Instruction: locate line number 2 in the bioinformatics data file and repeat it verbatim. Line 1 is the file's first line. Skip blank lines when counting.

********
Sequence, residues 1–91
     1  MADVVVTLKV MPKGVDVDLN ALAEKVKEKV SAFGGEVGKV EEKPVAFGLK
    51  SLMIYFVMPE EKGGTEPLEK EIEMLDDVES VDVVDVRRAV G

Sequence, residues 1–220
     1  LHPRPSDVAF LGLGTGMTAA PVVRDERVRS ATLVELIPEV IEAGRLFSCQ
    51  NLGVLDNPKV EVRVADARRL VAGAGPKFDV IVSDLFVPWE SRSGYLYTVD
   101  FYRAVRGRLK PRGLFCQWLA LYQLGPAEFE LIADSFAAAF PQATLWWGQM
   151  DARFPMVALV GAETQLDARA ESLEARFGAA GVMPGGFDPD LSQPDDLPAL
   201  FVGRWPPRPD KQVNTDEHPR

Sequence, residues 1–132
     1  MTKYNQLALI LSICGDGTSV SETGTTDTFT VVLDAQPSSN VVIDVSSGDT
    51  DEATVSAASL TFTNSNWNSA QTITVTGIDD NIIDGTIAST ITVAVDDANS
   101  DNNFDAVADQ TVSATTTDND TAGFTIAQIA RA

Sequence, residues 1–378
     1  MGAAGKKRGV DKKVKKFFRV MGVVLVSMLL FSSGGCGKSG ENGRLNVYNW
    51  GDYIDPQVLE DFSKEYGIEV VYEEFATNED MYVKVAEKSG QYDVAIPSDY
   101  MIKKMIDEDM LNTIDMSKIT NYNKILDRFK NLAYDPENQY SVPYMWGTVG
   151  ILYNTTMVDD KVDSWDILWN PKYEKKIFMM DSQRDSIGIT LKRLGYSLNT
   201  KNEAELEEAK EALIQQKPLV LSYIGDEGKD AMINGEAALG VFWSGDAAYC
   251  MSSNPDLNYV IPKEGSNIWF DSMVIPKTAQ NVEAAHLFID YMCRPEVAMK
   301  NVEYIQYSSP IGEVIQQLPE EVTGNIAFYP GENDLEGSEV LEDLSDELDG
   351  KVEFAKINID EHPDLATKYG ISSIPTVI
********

     1  MADVVVTLKV MPKGVDVDLN ALAEKVKEKV SAFGGEVGKV EEKPVAFGLK